The invasive success of alien species has been associated, among other factors, to disturbance-related increases in resource availability and reductions of competition with native species (Hobbs and Huenneke, 1992). Our results show that Oxalis pes-caprae growth and reproductive output is enhanced by increased nutrient availability and absence of competition with the common annual grass Lolium rigidum.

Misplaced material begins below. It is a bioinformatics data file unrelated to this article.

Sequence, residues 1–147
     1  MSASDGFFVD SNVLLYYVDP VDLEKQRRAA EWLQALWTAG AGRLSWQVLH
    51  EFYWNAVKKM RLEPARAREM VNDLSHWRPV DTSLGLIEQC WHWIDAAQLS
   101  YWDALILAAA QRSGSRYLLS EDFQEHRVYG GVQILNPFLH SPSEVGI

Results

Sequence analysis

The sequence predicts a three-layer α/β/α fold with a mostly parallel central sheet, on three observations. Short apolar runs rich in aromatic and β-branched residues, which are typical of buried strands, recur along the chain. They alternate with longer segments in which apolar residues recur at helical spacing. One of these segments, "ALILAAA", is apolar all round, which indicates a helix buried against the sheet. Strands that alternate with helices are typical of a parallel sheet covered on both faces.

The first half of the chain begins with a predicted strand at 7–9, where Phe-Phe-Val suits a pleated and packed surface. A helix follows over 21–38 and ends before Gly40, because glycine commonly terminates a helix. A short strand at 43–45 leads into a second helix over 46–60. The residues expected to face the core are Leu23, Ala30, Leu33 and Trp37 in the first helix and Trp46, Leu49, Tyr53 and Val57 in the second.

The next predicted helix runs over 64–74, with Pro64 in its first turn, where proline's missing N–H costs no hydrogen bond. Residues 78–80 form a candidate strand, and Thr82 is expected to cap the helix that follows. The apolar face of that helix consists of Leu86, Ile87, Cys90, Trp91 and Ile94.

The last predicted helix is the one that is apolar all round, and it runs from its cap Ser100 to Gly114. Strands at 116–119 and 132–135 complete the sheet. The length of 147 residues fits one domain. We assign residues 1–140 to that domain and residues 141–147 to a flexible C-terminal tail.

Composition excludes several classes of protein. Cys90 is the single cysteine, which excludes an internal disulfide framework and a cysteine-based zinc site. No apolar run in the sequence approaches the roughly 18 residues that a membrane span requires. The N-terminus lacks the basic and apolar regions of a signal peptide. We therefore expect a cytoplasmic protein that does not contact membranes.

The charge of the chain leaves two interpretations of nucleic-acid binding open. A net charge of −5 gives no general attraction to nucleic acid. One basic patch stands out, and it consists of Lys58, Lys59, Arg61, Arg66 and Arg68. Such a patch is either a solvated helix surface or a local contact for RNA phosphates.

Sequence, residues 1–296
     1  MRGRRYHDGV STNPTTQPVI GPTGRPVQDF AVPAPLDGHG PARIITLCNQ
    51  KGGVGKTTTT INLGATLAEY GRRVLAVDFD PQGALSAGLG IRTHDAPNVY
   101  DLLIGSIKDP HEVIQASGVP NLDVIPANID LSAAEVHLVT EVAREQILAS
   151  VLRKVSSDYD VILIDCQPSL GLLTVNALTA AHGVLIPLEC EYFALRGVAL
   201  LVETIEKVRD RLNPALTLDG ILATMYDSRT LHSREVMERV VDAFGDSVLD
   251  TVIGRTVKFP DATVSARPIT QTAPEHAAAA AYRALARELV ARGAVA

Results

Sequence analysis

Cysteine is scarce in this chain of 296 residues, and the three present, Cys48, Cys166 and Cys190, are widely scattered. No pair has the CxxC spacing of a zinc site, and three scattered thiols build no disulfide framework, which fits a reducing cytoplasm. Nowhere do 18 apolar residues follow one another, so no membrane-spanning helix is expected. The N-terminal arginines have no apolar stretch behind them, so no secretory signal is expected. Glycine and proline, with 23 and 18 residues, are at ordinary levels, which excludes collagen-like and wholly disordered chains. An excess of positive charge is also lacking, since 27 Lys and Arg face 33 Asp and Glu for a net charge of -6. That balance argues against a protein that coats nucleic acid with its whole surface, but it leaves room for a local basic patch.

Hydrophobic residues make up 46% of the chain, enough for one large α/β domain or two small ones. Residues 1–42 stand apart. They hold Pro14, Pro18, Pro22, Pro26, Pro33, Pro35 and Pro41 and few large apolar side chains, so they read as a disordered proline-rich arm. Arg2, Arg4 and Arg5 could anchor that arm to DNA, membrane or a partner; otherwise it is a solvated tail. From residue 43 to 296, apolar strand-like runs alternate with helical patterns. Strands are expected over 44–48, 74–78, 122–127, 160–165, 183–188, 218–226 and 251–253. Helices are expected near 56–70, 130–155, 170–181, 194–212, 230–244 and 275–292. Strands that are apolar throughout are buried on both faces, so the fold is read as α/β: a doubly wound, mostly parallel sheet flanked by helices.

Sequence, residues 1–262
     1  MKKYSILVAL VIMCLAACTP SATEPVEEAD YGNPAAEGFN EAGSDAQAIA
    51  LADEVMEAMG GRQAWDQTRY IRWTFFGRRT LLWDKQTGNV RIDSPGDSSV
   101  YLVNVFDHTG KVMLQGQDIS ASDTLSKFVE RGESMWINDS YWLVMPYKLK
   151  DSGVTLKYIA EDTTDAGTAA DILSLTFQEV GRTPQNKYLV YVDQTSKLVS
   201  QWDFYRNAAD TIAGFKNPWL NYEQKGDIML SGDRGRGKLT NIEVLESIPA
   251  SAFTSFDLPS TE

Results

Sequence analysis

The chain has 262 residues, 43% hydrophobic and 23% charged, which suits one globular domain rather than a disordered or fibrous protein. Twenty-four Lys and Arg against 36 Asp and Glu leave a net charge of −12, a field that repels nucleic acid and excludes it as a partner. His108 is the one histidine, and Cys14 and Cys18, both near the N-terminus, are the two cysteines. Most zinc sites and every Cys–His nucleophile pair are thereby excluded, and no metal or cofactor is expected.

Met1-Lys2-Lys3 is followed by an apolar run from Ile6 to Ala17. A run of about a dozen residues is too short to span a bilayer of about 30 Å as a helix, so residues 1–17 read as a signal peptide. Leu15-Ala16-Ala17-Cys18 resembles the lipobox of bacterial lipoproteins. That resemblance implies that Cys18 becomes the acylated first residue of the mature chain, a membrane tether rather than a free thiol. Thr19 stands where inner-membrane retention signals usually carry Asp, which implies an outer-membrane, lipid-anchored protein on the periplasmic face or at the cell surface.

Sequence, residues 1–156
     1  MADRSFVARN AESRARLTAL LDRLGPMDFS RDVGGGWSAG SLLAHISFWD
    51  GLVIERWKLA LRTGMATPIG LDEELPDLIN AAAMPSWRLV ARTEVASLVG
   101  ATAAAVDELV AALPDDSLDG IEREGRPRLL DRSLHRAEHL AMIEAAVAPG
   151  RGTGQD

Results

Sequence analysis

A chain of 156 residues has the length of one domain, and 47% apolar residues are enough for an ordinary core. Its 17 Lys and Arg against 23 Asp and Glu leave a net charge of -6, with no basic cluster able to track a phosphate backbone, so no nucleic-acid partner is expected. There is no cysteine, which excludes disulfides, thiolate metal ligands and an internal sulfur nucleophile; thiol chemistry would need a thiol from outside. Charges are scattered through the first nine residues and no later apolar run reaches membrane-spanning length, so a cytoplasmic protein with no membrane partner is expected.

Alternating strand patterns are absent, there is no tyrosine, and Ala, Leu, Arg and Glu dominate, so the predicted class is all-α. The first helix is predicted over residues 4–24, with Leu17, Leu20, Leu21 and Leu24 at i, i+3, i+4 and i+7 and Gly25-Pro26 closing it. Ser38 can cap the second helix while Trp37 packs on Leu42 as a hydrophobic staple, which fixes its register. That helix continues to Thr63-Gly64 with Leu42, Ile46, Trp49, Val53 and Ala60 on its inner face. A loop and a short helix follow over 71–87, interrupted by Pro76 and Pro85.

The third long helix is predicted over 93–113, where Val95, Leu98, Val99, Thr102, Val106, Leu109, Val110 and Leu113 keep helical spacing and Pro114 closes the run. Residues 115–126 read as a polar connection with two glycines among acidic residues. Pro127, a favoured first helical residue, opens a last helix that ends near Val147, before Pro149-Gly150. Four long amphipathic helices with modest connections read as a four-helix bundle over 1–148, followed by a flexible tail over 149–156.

Decreases in nutrient availability caused stronger negative effects on Oxalis vegetative biomass than did increases in competition with Lolium. Oxalis responded to increased nutrient availability with increases in above- and below-ground biomass, decreases in root mass ratio, and increases in leaf N and P concentrations. However, competition with Lolium had a much stronger negative effect on the total number of daughter bulbs and their total biomass than was caused by reduced nutrients: when Oxalis was grown in competition with Lolium the total number and biomass of daughter bulbs was dramatically reduced regardless of nutrient availability. In a glasshouse experiment using the same pot size, Vilà et al. (2006a) reported that Oxalis daughter-bulb production per plant decreased from an average of 50 bulbs when one mother plant was grown per pot (which is consistent with our results) to approx. 30 when there were two mother plants per pot, and to approx. ten when there were fifteen plants per pot. In our experiment, the number of daughter bulbs decreased to below ten bulbs per plant when Oxalis was grown with a single Lolium plant. These results suggest that the effect of intraspecific competition is much smaller than the effect of interspecific competition. The relative responses to competition and nutrient availability in plants reproducing exclusively by bulbs are poorly documented and, to our knowledge, no study has addressed these interactions in an invasive bulb-reproducing plant. Our results are in accordance with studies on asexual-reproducing plants; increases in asexual propagules and vegetative spread in response to nutrient addition have been documented by Wookey et al. (1994), Ronsheim and Bever (2000) and Hansjörg et al. (2002). Ronsheim (1996) also reported decreases in aerial bulbil production under intraspecific competition in Allium vineale, although nutrient effects were not studied. The strong negative effect of competition by Lolium (relative to nutrient availability) on Oxalis reproductive output increased even more under high nutrients: not only was the number of daughter bulbs reduced to that produced under low nutrients and competition, but the bulbs were significantly smaller. Consistent with these results, Hansjörg et al. (2002) also reported stronger negative effects of competition by natives relative to nutrient reductions on vegetative growth of the invasive clonal forb Rorippa austriaca.